The Tower Of London by W. Harrison Ainsworth

While he was in this situation, Bret, who, it has been mentioned, was thrown into the moat, swam to the wall, and endeavoured to ascend it. Xit immediately attacked him, and adopting the language of Magog to Wyat, threatened to throw him back again if he did not yield.

“I do yield,” replied Bret.

“Your name and rank?” demanded the dwarf, in an authoritative tone.

“Alexander Bret, captain of the London Trained Bands, second in command to Sir Thomas Wyat,” replied the other.

“Here, Magog—Gog—Og—help!” shouted Xit, “I have taken a prisoner. It is Captain Bret, one of the rebel leaders; help him out of the moat, and let us carry him before the queen! I am certain to be knighted for my valour. Mind, I have taken him. He has yielded to me. No one else has had a hand in his capture.”

Thus exhorted, Magog pulled Bret out of the moat. As soon as he ascertained who he was, he bore him in his arms towards the By-ward Tower, Xit keeping near them all the time, screaming, “He is my prisoner. You have nothing to do with it. I shall certainly be knighted.”

At Magog’s command, the portcullis was partially raised, and Xit and Bret thrust under it, while the two other giants repelled the assailants.

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THROUGHOUT the whole of the siege, the queen maintained her accustomed firmness; and to her indomitable courage, and the effect produced by it upon her followers, the successful issue of the conflict to the royalist party is mainly to be attributed. Startled from her slumbers by the roar of the artillery, Mary arose, and hastily arraying herself, quitted the palace with Gardiner, Renard, and a few other attendants, who had flown to her on the first rumour of the attack, and repaired to the lieutenant’s lodgings, where she found Sir Henry Bedingfeld in the entrance-hall, surrounded by armed men, busied in giving them instructions, and despatching messages to the officers in command of the different fortifications.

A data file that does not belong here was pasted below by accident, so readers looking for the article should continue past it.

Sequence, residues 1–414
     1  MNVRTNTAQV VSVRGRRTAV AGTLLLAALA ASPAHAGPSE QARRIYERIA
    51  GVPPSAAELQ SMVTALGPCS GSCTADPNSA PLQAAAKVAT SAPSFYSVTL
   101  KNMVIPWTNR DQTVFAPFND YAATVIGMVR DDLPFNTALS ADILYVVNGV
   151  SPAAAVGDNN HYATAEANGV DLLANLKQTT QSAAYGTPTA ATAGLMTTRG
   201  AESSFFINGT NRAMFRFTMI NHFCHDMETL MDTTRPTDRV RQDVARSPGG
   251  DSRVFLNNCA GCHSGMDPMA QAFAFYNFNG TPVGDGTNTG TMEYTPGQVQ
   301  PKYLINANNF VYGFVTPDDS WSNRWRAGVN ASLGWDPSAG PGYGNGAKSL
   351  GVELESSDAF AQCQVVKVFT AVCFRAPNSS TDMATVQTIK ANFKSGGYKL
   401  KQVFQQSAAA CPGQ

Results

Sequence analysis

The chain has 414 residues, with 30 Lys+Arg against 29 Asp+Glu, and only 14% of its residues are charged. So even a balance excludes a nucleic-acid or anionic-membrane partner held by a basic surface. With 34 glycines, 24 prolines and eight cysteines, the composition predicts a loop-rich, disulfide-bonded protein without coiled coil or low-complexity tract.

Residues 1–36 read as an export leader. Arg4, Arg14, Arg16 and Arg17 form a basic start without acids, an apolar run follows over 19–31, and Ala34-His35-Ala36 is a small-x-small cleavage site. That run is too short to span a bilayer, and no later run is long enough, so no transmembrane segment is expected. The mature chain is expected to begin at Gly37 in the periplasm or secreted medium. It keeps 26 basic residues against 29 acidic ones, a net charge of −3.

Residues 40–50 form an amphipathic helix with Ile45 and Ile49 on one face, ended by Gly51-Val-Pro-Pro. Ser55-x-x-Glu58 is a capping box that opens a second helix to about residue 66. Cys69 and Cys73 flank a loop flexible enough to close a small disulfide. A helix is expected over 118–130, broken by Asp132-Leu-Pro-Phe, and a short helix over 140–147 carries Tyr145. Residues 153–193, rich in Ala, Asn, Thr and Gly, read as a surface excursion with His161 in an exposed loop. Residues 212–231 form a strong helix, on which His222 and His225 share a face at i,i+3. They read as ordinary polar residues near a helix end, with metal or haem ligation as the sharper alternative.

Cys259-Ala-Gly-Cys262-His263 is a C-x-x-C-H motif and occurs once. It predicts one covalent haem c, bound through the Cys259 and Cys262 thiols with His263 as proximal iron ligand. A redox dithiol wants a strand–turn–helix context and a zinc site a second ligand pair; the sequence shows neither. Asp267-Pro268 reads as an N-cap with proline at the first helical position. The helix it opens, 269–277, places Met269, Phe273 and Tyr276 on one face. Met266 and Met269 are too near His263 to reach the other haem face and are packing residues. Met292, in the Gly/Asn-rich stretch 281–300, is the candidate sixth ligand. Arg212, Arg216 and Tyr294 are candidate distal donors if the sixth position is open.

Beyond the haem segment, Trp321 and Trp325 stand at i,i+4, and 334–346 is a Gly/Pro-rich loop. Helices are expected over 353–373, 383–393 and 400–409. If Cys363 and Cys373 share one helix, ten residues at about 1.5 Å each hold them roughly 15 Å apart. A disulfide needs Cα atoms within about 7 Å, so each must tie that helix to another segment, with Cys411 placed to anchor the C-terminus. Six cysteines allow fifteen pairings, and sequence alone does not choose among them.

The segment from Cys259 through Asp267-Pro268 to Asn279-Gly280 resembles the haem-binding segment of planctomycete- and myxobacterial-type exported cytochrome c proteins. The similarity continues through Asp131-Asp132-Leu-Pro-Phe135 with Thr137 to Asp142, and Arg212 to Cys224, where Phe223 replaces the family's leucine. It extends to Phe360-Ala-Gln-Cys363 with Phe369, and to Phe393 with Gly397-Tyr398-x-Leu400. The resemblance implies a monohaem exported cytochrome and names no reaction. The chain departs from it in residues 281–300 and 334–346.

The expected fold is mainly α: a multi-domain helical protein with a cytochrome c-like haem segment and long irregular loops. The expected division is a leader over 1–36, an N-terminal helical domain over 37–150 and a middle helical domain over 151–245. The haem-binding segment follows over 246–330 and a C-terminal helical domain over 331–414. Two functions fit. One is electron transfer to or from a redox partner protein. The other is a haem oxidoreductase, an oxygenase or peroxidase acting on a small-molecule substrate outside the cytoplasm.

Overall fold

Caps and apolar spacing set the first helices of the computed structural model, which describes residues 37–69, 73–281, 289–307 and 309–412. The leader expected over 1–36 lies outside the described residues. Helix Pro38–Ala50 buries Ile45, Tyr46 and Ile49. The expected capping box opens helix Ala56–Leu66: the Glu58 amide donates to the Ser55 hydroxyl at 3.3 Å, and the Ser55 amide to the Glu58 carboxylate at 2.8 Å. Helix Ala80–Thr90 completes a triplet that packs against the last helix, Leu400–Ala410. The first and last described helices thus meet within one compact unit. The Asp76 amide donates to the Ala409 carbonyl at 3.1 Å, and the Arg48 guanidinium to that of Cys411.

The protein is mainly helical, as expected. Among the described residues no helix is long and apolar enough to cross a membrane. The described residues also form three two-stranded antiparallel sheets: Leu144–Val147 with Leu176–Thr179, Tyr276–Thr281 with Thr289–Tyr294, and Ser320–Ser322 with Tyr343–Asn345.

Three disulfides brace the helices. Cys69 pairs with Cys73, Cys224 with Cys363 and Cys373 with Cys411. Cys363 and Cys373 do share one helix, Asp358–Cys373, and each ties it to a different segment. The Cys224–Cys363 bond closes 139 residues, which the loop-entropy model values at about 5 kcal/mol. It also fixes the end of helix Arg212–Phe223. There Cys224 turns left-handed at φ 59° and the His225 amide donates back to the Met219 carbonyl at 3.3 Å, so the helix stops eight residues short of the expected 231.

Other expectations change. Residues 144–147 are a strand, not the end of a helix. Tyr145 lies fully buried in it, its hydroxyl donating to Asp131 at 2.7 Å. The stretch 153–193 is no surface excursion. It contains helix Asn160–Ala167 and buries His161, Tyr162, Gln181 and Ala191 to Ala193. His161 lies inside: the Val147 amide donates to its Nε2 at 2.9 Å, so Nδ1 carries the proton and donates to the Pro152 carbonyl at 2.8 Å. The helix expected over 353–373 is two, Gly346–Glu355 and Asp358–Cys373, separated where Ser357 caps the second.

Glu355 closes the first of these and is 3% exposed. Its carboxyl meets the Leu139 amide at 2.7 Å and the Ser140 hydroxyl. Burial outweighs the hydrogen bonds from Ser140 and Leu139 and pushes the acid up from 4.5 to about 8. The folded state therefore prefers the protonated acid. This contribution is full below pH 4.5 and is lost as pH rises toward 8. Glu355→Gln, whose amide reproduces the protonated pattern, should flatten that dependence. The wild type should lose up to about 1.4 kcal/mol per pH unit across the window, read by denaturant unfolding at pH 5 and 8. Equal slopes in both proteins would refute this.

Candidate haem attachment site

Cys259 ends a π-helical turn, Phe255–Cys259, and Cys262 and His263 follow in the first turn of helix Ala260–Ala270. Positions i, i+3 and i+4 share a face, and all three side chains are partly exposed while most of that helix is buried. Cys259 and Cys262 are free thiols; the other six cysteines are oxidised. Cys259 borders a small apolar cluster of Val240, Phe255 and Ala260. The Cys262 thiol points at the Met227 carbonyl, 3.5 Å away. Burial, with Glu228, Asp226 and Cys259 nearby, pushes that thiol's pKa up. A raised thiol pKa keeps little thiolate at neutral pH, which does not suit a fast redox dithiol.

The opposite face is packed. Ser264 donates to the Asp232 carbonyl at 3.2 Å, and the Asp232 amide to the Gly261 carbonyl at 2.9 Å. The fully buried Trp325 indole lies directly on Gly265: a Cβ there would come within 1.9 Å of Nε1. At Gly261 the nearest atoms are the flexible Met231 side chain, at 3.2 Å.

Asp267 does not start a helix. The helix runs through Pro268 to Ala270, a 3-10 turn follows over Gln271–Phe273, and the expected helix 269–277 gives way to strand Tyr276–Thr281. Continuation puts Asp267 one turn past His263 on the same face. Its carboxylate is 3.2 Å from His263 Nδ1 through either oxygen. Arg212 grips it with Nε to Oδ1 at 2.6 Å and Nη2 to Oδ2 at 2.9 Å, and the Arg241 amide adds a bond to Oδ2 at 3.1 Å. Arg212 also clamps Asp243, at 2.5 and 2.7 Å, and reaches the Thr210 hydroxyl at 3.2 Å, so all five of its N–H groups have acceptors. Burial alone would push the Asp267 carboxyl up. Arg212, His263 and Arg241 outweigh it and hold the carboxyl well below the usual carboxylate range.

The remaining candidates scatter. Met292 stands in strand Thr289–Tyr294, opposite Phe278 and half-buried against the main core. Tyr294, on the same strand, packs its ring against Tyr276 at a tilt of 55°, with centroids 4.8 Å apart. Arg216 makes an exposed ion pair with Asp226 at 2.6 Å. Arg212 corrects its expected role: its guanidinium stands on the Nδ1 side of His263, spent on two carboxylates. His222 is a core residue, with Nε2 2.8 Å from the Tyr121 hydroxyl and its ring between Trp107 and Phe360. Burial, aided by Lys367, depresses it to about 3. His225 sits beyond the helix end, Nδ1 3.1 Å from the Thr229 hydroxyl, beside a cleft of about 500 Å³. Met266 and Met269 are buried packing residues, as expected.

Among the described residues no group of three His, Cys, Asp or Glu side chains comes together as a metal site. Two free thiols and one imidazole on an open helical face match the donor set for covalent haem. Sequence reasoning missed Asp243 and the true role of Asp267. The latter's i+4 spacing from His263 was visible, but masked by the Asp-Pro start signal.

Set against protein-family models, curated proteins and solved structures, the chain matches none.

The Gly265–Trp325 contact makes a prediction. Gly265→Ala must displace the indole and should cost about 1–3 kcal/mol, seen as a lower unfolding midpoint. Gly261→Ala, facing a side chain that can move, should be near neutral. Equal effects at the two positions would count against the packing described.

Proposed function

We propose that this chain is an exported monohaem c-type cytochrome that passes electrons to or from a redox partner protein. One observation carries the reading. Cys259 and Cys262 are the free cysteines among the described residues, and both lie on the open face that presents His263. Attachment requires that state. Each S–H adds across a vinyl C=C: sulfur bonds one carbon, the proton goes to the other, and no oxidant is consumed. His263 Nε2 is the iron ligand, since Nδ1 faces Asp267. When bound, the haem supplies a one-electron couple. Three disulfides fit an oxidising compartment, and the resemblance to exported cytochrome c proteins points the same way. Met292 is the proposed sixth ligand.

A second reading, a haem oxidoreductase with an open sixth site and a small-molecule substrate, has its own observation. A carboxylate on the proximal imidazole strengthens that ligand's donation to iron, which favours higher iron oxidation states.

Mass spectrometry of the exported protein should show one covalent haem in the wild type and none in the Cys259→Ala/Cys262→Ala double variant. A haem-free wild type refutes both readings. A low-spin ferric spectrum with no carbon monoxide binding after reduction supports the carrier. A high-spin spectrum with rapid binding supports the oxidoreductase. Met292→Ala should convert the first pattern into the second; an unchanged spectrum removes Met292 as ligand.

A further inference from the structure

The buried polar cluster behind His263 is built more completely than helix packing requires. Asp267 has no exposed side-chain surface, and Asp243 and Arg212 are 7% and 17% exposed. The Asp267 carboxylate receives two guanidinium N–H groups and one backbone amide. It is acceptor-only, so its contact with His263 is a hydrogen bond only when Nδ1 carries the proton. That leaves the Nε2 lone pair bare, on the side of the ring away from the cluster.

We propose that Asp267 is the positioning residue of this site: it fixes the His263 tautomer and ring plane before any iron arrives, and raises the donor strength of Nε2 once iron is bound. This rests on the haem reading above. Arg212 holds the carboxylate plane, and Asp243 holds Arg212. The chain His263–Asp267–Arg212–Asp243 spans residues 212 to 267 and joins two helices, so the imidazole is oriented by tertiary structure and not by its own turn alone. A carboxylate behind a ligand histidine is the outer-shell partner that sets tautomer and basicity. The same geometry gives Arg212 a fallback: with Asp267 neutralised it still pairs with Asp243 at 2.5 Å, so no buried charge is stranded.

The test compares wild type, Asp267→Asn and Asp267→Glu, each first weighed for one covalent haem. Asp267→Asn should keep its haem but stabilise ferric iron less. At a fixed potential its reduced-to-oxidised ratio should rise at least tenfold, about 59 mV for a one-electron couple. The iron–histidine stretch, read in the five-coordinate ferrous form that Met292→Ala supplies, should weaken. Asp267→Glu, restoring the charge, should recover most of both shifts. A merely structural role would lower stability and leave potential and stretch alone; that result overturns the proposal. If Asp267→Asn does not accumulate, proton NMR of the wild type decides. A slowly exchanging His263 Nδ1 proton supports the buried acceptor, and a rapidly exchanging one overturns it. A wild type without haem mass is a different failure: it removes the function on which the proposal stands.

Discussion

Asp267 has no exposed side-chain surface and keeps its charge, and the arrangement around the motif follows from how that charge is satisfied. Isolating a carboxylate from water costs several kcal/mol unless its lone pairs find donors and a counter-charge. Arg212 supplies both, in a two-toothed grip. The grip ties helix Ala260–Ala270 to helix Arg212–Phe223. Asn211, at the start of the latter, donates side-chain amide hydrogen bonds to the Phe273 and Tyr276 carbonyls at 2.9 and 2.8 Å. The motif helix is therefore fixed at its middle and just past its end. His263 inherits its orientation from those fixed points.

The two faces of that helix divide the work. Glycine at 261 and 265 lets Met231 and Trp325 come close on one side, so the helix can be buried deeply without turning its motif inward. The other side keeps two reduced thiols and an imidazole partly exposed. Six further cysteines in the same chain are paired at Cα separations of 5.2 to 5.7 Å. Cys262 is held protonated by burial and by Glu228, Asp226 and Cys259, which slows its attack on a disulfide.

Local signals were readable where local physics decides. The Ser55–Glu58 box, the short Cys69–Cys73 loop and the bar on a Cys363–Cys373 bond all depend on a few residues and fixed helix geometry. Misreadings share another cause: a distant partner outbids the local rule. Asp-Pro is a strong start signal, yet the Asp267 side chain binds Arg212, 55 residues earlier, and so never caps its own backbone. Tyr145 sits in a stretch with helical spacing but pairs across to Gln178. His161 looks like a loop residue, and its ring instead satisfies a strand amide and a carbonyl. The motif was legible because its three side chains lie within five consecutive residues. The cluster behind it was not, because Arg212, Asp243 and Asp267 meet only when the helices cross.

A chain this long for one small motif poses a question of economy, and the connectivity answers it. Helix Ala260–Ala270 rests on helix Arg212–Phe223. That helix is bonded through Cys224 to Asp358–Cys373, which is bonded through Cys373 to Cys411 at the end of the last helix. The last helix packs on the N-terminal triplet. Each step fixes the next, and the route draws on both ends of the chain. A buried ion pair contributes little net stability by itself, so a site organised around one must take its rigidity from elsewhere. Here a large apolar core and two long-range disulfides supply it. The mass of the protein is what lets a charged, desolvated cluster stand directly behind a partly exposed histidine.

At the queen’s appearance, the old knight would have flung himself at her feet, but she motioned him not to heed her, and contented herself with saying, as each messenger departed: “Tell my soldiers that I will share their danger. I will visit every fortification in turn, and I doubt not I shall find its defenders at their posts. No courageous action shall pass unrequited: and as I will severely punish these rebels, so I will reward those who signalise themselves in their defeat. Bid them fight for their queen, for the daughter of the Eighth Henry, whose august spirit is abroad to watch over and direct them. He who brings me Wyat’s head, shall receive knighthood at my hands, together with the traitor’s forfeited estates. Let this be proclaimed. And now fight, and valiantly, for you fight for the truth.”

Charged with animating addresses like these, the soldiers hurried to their various leaders. The consequence may be easily imagined. Aware that they were under the immediate eye of their sovereign, and anticipating her coming each moment, the men, eager to distinguish themselves, fought with the utmost ardour; and such was the loyalty awakened by Mary’s energy and spirit, that even those secretly inclined towards the opposite party, of whom there were not a few, did not dare to avow their real sentiments.

While Mary remained in the lieutenant’s lodgings, word was brought that the fortress was attacked on all sides, and the thunder of the ordnance now resounding from the whole line of ramparts, and answered by the guns of the besiegers, confirmed the statement. As she heard these tidings, and listened to the fearful tumult without, her whole countenance underwent a change; and those who remembered her kingly sire, recognised his most terrible expression, and felt the same awe they had formerly experienced in his presence.

“Oh! that I had been born a man!” she cried, “that with my own hand I might punish these traitors. But they shall find, though they have a woman to deal with, they have no feeble and faint-hearted antagonist. I cannot wield a sword; but I will stand by those who can. Sir Henry Bedingfeld, take these orders from me, and they are final. Let the siege go how it may, I will make no terms with the rebels, nor hold further parley with them. Show them no quarter, exterminate them utterly. I no longer regard them as subjects—children; but as aliens—foes. Deal with them as such. And look you yield not this fortress, for by God’s grace! I never will yield it. Where is your own post, Sir Henry?”

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